We spoke to actress Charlotte Hamblin about her role as Miss Julie in the Jermyn Street Theatre production of Miss Julie.
Miss Julie represents one of the early expressions of ‘naturalism’, which could be described in part as a movement that presents characters who are helpless to their primal urges and heredity. Was this concept a point of reference at all for your interpretation of your character? Did you consciously embrace or distance yourself from it in a way that altered your usual preparations?
It completely depends what part I’m playing as to whether I research and reference the roots of a play. Maybe subconsciously, because I knew Miss Julie was one of the first naturalistic plays, I just had to go with my gut. Especially playing such a famous role, played by so many extraordinary actors I had to isolate her from the legend. You’ve just got to play the truth… which can be hard in a play where whatever people say they generally mean the opposite! As you say these characters are primal, and that’s what I had to do. Just rely on base instincts.
Miss Julie boasts a very tight cast of characters. Does a smaller company of performers make finding your rhythm or ideas more or less challenging?
I love working in a small company. It’s incredibly intimate, both physically and emotionally. I think it’s all about trust, really. I’m so lucky with the actor James Sheldon who plays Jean. Because of the nature of the play (sex and violence) we have to be totally comfortable with each other. And after over 80 performances now, I think we are! We sort of have a track we hit every night and we try and stick to it. It’s different every night and if we go off track we are quite good at getting it back on!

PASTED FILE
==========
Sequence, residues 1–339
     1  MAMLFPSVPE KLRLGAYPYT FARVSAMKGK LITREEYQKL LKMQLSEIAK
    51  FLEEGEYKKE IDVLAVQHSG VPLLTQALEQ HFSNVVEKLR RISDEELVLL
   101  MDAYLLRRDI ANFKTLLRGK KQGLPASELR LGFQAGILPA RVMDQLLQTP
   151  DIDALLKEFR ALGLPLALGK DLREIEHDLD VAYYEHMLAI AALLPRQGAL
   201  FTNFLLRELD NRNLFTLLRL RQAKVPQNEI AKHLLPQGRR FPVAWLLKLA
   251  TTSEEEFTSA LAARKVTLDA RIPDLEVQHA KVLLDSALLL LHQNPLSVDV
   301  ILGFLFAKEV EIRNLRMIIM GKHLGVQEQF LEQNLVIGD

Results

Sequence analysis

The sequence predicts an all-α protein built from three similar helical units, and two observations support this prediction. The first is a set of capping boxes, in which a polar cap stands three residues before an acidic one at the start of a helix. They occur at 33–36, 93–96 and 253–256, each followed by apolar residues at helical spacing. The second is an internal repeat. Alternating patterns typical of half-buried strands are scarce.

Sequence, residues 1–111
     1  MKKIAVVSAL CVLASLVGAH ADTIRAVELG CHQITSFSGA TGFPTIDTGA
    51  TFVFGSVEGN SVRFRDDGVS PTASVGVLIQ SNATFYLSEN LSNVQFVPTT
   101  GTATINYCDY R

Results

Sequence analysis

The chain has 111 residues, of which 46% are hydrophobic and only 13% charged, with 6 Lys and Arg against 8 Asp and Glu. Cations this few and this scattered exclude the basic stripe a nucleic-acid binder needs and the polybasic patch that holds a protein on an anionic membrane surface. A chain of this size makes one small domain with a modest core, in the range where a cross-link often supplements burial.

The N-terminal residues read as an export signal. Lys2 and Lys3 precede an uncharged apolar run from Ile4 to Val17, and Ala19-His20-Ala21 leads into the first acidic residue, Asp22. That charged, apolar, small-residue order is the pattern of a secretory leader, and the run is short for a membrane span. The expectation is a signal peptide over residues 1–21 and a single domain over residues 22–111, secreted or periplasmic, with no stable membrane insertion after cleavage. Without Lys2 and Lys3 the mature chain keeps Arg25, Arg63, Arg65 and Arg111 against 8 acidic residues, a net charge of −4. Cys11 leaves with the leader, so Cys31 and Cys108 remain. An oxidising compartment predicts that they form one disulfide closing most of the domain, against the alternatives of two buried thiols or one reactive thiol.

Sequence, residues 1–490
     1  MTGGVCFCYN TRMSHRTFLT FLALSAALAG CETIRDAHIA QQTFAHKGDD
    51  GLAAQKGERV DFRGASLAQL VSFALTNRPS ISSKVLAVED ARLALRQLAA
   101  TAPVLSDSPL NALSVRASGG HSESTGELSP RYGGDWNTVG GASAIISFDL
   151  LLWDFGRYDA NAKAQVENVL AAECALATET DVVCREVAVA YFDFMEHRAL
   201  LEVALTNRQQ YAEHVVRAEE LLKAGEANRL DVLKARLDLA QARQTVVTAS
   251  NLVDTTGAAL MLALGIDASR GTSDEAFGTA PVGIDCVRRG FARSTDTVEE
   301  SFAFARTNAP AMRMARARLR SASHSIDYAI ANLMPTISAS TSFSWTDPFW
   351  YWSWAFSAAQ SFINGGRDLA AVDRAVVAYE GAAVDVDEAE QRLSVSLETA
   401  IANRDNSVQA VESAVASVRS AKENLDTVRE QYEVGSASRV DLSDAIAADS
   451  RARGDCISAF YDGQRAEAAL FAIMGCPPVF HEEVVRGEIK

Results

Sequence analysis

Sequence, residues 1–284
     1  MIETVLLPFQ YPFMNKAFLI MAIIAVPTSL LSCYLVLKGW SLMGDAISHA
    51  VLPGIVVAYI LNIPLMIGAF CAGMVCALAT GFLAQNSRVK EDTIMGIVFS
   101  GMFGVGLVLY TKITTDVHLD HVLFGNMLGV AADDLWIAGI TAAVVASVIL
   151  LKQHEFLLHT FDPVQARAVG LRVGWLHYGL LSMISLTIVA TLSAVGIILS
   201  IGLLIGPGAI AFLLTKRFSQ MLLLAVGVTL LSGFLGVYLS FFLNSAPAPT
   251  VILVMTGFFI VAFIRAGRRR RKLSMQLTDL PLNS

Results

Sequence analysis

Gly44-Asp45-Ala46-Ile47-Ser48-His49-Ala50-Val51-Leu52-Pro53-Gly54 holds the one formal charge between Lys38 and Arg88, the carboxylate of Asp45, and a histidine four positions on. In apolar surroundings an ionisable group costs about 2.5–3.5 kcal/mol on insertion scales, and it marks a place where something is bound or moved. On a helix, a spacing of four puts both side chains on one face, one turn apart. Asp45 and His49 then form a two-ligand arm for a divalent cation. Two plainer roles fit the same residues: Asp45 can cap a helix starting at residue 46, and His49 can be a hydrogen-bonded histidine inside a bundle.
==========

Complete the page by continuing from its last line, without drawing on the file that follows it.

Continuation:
The play has been read by some as a work that entertains themes of misogyny and a discriminatory depiction of female characters that its author August Strindberg himself may have shared. Do you count such background details as a troubling hindrance to immersing yourself in the character or trusting in a work, or, do such details help foster discussion and direction?
Obviously I’m aware of the controversy around the play and it’s playwright. I suppose as this is a new version by Howard Brenton, it’s slightly different.
I think you have to isolate yourself and just create your character from what’s on the page. And if what is written is misogynist then let’s shock the audiences. I only try to make Julie sympathic at times, a lot of the play she’s a right pain, cunning and manipulative. She suffers from extraordinary mental health issues and that I think is what resonates so much with audiences. In this version I don’t think she’s portrayed as a traditional Victorian-esque ‘hysteric’ but a person who is having a breakdown and there’s no way out. Tom Littler, the director, made sure of that. He’s wonderful. If he wasn’t a director he’d be a psychotherapist for sure!
Upon reading a character and agreeing to play them, what is the timeline like in terms of when you feel you’ve ‘gotten’ the character? Is there (generally) a particular moment, or rehearsal? Is it ever evolving?
Oh I don’t think you ever really get them. I really think you’re constantly discovering. I’ve been living with her for 6 months now and every night I discover something new. Something suddenly makes sense in the middle of a speech or you’re reading the paper and something triggers an idea in your head, unlocking something. I read an essay just last week about Revenge Suicide and suddenly the whole play made so much more sense. I should be a most unsatisfied and bored actor if I ever fully understood my characters!
Is there a moment or line from Miss Julie that encapsulates what the story is about for you?
It’s actually a line of Jean’s. Miss Julie is crying and fitting and he’s calming her down he says: “I know you’re unhappy. I know you suffer. I don’t understand you. My kind we don’t play these games. Love is a bit of fun when you’re not working. We haven’t got all day and all night to be complicated about it like you lot. I think you’re ill, I really do.”
I think it encompasses how unwell she is. It also pings with the audiences. Often we have no time for love or too much time. Both can be terribly destructive.
Charlotte Hamblin can be seen in Miss Julie, on now until 2 December 2017 at the Jermyn Street Theatre, London (UK).
As told to Paul Vaughan for TPJ
Photographer: Jessie Craig